UBCIC Remembers and Honours St’at’imc Elder and Land Defender Rosalin (Sam) Edmonds (Yaoqus)

Press Release
April 27, 2022

UBCIC Remembers and Honours St’at’imc Elder and Land Defender Rosalin (Sam) Edmonds (Yaoqus)

(Xʷməθkʷəy̓əm (Musqueam), Sḵwx̱wú7mesh (Squamish) and səlilwətaɬ (Tsleil Waututh)/Vancouver, B.C. – April 26, 2022) The Union of BC Indian Chiefs (UBCIC) joins the Lil’wat people and the St’at’imc Nation in mourning the recent passing of their elder and land defender Rosalin Edmonds (Sam).

ng St’at’imc woman, Rosalin tirelessly worked for the land and her people, and she would remind us all to “stand tall and strong”. She had a powerful way to draw in allies, from Buddhist monks, to Chinese Canadians for Reconciliation, the Native Youth Movement, women from the Downtown Eastside, and many others, all heeded her call and made several trips to Sutikalh, one of the longest permanent land defense camps, to lend support. Thanks to her passion and commitment, she made connections around the world and brought support to her home community and territory. UBCIC remembers Rosalin for her incredible energy and deep commitment to defending the Land.

Born at Lil’wat in 1949 to Madeline (Wallace) and Benedict Sam, she lost her mother early and was forced to attend residential school in Williams Lake, at St. Joseph’s Mission. One of her last trips was to attend the investigation and provide her testimony about the horrors she was subject to and witnessed, which led to the recent findings. She still saw the release of the preliminary report in January 2022 and recognized the importance of holding Canada accountable for its genocidal system and policies.

Rosalin returned to her community and the frontlines, being instrumental in the 1974 Lil’wat roadblock and the occupation of the Department of Indian Affairs (DIA) offices. Then UBCIC President Grand Chief George Manuel recognized the leadership qualities in Rosalin and asked her to take on more responsibilities for organizing from the ground all the way to the international level; she never stopped.

When Nancy Greene Raine and Al Raine proposed to develop a ski resort in the untouched mountains in St’at’imc territory at Cayoosh Creek, Rosalin was one of the main organizers of the opposition, including setting up the Sutikalh Camp, named after their winter spirit. She would always organize for supplies, firewood and food to be delivered to the camp, set to celebrate its 22nd anniversary on Sunday, May 1, 2022. Rosalin’s life and many contributions will be remembered there.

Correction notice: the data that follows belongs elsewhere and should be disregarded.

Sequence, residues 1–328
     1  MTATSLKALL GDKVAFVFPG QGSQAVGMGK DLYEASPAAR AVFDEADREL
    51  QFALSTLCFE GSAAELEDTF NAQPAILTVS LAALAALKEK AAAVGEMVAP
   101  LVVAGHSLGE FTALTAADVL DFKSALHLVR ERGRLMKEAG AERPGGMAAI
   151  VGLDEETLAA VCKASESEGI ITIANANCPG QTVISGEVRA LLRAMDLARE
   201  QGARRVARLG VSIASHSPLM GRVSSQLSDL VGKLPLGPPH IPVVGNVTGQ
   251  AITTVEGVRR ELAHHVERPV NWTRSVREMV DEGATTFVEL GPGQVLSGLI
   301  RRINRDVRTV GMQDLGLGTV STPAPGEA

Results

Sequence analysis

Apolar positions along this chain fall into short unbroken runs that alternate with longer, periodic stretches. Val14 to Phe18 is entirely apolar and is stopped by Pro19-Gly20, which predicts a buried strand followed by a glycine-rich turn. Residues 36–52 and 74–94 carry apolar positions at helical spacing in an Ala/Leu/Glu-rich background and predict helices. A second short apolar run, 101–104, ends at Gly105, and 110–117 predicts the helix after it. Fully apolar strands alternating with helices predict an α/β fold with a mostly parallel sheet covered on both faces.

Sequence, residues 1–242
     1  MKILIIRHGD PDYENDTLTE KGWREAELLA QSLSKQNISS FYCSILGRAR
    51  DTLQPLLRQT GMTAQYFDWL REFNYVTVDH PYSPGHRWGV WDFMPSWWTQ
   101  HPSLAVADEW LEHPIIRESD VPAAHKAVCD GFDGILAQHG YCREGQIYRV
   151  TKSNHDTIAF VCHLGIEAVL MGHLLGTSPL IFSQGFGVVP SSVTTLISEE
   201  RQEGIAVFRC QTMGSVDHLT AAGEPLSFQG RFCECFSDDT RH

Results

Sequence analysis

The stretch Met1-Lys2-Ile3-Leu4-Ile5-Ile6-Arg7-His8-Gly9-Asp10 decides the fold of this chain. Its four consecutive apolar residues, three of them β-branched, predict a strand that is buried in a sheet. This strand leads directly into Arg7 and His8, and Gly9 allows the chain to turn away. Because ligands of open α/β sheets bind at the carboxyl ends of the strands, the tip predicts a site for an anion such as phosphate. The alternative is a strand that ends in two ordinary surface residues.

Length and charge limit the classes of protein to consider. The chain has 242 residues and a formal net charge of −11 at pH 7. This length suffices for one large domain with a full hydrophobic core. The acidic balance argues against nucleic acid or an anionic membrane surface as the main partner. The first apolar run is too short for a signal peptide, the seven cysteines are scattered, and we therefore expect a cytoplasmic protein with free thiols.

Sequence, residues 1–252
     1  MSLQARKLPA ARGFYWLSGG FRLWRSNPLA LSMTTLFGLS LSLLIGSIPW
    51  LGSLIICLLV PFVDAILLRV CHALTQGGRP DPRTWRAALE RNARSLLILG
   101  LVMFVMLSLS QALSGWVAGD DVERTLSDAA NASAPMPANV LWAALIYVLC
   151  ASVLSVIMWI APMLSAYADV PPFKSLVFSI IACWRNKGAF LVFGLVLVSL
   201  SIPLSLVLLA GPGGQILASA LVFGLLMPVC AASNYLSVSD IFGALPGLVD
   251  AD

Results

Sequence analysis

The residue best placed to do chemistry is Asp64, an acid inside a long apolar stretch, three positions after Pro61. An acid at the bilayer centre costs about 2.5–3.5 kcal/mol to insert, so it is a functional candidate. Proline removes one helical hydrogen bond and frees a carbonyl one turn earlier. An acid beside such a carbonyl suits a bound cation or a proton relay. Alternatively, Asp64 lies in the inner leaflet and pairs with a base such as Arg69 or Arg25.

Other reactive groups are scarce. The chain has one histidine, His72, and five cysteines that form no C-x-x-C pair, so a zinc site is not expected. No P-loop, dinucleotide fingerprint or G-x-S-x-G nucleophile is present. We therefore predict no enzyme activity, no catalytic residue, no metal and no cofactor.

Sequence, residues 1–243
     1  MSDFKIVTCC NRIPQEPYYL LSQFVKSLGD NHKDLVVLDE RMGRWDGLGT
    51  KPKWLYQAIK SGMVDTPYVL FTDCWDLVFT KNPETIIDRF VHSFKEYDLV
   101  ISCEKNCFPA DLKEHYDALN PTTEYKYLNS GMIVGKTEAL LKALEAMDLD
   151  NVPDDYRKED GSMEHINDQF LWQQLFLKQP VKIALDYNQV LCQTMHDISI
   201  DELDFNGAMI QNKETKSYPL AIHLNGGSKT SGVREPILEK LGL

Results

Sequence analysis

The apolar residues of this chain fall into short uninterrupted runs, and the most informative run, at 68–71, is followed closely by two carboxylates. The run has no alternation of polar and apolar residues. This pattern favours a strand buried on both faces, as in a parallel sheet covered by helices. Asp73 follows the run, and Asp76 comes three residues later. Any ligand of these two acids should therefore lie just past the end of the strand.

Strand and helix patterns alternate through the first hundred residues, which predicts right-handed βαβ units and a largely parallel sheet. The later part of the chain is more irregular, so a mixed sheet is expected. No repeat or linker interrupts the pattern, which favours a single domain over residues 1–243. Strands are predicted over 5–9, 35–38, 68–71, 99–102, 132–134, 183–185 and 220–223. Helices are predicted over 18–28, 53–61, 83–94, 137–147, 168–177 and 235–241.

She knew that it would take a bigger plan to stop the ongoing dispossession and destruction of St’at’imc territory, she was a driving force of St’at’imc land use planning and worked closely with the St’at’imc chiefs. At her funeral many of them talked about how she would always check in and follow-up to make sure they were on top of things. She herself monitored the permit that had been issued to the Cayoosh Creek project and would continue to write letters every year requesting that it be cancelled in line with the legislation that foresees that the permit be cancelled if there was no activity on the ground. Although a number of extensions were granted, she never gave up, kept writing letters and celebrated when the permit was finally cancelled.

She connected her tireless work all the way from the ground to the international level. She travelled to Japan on the Peace Boat and directed the drafting of international submissions to the International Olympic Committee (IOC) and the UN Committee on the Elimination of Racial Discrimination, decrying the criminalization of land defenders and Canadian policies that violate indigenous and human rights.

Rosalin set an unmatched standard in terms of organizing to support grassroots people and initiatives on the land, drawing in support from the city all the way to the international level. She taught people about the importance of protecting the land and demonstrated it with her tenacity. She showed everyone how they could contribute in their own way and be true allies following the direction and addressing the needs of the people on the ground. Always an organizer, she wrote her own memorial brochure recognizing her beloved family, international friends, allies, friends from other nations and her special St’at’imc friends and elders. In her memorial brochure she said: “I do it for my ancestors who thought of us today and I do it for today for my grandsons, my grandchildren’s future! This is St’at’imc Territory forever, not for Sale or Trade!”

As the St’at’imc hand drumming rang out at Rosalin’s funeral, she was remembered often leading the Women’s Warrior song that originated from Lil’wat and that embodies her and her tireless work to protect the land. Her words and vision will continue to reverberate and it will take many to continue her work and legacy. She will be remembered at her beloved Sutikalh at the anniversary celebration on May 1, 2022, starting at noon, all friends and supporters are welcome.

Grand Chief Stewart Phillip, UBCIC President, stated “The Union of BC Indian Chiefs is deeply saddened to hear of the recent passing of Rosalin Sam. She was deeply committed to defending the spiritual, cultural and environmental integrity of St’at’imc territory. We shall miss her strength, energy, and unwavering commitment to the future generations of St’at’imc People. UBCIC mourns with all who knew and loved Rosalin, and we send our most heartfelt condolences to her family, Nation, community, and loved ones in the territories here and around the world.”


Media inquiries:

Grand Chief Stewart Phillip, President, 250-490-5314
Kukpi7 Judy Wilson, Secretary-Treasurer, c/o 778-866-0548

UBCIC is an NGO in Special Consultative Status with the Economic and Social Council of the United Nations.

For more information, please visit www.ubcic.bc.ca

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